It sounds like a great idea: why brush your teeth one at a time when you can potentially use a vibrating mouthpiece to brush them all at once. Supposedly, it’s not only faster, it’s better. In a traditional method, each tooth would only be brushed about 4 seconds each, divided between the three surfaces of each tooth. Using this method, each tooth will be brushed for the full 10 seconds, which could remove plaque better and potentially prevent cavities.
But how well does the promise hold up? The truth is: we don’t know. In theory they could work well, but there is evidence that the actual application is flawed.
Although this is an idea that’s been around for years, the first tangible presentation of it occurred last year when Amabrush launched its Kickstarter campaign. Although the campaign was highly successful, bringing in millions of dollars and the product was supposedly delivered in December 2017, we haven’t heard much from the first round of investors. The website is still taking preorders and not being clear about when those preorders will actually be filled.
However, in the gap between the promise and the delivery, many imitators have stepped up. Consequently, you can see quite a few of these for sale, with slightly different variations in the style of the electronics and mouthpiece.
How the quality of these imitators compares to the original, we can’t say, in part because few of the actual Amabrush have shipped.
It Could Work in Theory
The theory behind Amabrush is actually sound. They are right to point out that if you brush your teeth according to the guidelines, each tooth only gets a small amount of time. It does make sense that you could potentially increase your brush time on each tooth while decreasing your overall brushing time.
And the evidence bears out that vibrations could potentially be an effective way to clean your teeth. Multiple clinical studies suggest that any powered toothbrush is superior to manual brushing. And while sonic-type vibrating brushes don’t seem to be as good as oscillating brushes, the difference isn’t significant.
Perhaps the biggest theoretical flaw in this innovation is that you have to clench down on the mouthpiece to hold it in place. This reduces the freedom of movement on the biting surfaces, which would therefore limit its ability to clean these surfaces.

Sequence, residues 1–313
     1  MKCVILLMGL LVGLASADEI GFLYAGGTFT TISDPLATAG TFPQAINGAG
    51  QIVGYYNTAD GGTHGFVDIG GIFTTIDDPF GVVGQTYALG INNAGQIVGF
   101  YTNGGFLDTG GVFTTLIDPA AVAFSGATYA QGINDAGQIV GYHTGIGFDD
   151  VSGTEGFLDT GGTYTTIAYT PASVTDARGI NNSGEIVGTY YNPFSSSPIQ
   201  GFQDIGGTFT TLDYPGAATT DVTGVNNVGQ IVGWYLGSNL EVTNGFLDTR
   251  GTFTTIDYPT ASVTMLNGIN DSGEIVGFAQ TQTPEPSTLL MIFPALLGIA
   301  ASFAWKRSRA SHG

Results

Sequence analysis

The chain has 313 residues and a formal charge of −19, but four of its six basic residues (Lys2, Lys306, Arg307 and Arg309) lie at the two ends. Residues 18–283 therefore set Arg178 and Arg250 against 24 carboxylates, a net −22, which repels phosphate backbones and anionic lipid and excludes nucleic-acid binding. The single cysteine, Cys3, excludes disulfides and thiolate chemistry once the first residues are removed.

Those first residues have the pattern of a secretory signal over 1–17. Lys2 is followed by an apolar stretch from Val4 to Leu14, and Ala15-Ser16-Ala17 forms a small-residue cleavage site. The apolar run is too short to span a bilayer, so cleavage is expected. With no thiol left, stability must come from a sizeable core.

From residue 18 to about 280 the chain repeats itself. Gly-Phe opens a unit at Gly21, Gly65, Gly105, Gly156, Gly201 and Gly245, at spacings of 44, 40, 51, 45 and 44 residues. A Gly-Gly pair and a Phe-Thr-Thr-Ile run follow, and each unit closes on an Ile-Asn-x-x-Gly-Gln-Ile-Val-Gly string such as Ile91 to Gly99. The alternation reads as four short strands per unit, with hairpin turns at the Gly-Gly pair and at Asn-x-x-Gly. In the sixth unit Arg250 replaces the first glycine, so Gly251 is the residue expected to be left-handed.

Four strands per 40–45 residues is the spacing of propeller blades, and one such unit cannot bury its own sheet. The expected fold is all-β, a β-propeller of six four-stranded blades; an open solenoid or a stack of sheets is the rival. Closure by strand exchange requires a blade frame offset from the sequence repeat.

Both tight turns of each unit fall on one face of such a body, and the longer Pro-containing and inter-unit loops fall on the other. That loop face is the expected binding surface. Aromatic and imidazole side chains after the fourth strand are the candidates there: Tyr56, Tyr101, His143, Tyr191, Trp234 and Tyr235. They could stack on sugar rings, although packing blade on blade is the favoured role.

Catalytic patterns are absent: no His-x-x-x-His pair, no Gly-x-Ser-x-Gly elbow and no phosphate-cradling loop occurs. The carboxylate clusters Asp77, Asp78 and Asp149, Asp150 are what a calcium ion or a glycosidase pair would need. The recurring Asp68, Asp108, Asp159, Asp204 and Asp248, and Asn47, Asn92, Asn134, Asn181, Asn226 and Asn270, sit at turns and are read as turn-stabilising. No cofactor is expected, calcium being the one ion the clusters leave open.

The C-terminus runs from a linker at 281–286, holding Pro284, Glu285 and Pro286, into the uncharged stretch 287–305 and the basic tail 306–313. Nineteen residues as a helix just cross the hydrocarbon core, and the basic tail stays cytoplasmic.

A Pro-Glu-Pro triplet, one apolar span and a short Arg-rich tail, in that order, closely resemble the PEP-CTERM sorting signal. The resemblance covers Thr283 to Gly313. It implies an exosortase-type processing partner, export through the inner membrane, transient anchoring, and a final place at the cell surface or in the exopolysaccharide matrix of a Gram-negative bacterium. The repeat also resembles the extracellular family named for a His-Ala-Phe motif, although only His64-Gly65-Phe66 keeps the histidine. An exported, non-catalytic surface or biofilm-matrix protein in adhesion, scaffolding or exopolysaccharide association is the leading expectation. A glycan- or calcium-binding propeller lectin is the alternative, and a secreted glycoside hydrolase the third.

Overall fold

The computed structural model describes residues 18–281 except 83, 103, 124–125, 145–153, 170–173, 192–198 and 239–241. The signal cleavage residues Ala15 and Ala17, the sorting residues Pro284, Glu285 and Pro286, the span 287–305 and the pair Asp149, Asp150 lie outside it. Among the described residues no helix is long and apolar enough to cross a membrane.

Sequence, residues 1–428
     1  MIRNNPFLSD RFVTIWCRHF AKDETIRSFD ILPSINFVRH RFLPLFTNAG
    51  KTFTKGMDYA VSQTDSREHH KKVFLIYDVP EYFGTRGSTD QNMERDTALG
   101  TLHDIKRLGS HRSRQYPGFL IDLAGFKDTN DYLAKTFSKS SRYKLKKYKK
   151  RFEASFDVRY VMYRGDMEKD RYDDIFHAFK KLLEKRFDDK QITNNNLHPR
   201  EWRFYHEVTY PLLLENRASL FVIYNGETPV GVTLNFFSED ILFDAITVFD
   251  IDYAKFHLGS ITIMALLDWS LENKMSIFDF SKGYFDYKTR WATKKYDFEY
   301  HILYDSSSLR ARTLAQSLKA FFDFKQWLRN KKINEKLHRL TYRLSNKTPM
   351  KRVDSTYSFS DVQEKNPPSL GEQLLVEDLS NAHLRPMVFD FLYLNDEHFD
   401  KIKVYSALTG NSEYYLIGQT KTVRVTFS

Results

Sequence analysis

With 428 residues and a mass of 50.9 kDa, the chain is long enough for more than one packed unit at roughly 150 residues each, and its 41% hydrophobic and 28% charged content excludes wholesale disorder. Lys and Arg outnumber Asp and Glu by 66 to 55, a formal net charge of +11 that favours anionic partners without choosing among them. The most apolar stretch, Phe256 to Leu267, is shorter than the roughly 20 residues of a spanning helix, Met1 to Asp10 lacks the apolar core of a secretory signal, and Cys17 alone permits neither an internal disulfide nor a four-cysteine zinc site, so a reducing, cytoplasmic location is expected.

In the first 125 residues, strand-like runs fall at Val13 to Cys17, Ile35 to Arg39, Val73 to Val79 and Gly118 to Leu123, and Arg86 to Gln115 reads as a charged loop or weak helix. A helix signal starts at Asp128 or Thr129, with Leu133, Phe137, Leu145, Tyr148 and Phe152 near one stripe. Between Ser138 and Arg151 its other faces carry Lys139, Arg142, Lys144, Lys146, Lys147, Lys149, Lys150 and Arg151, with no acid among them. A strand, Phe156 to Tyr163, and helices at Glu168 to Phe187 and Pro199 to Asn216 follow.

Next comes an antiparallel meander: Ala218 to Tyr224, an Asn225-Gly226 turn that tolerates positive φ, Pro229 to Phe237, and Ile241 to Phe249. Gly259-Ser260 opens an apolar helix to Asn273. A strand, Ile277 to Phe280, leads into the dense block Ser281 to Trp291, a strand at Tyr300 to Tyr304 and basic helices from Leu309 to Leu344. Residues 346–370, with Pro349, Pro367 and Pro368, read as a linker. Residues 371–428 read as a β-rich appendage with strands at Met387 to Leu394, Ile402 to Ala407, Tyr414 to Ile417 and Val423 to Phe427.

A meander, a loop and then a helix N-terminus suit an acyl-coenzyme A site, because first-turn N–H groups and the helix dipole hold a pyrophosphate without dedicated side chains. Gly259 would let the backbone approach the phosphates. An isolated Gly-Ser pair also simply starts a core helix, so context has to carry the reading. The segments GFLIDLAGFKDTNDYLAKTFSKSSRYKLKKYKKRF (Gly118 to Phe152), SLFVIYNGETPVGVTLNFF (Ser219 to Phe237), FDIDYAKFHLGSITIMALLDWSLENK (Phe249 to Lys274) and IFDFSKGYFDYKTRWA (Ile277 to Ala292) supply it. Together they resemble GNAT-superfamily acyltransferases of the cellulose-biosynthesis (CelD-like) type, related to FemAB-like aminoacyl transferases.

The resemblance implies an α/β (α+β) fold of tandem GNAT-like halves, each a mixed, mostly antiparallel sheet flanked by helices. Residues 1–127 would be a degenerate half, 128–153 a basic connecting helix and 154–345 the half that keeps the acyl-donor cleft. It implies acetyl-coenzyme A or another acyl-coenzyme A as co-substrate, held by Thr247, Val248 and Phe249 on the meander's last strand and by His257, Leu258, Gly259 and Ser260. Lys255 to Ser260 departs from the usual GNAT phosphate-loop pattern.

Implementation Seems Weak
As we mentioned, there are no actual reviews for Amabrush because it seems that few people (if any) have actually gotten the device. However, there is one video review that suggests the imitation devices doesn’t live up to their promise.
In this review, a man tries it and complains that the vibrations are weak and it doesn’t feel like the brushes cleaned his teeth at all.
One commenter says that the reviewer may have used a weaker mode on the brush. They claim that if you use the brush four times in a row you will get good results. If that’s actually true, then it would still be a good tradeoff. You wouldn’t save two minutes, but you’d still save one.
And the fact remains that there have been no published clinical trials on the device. On its website, Amabrash advertises a clinical trial, but it’s not available for download yet. Likely, the trial is delayed by a lack of functioning prototypes.
Take Care of Your Teeth Today
Overall, it seems that this is an idea with promise that just isn’t ready yet. Knockoff products are always dubious, and since those are the only ones available now, we recommend waiting at least until the original innovators achieve a working model. Even better would be to wait until they publish or make available the results of their study. That way, we’d have at least some basis on which to judge the device.
The good news is that there are still many ways that you can effectively clean your teeth to reduce your risk of cavities and gum disease. And don’t forget to supplement home hygiene with regular dental checkups.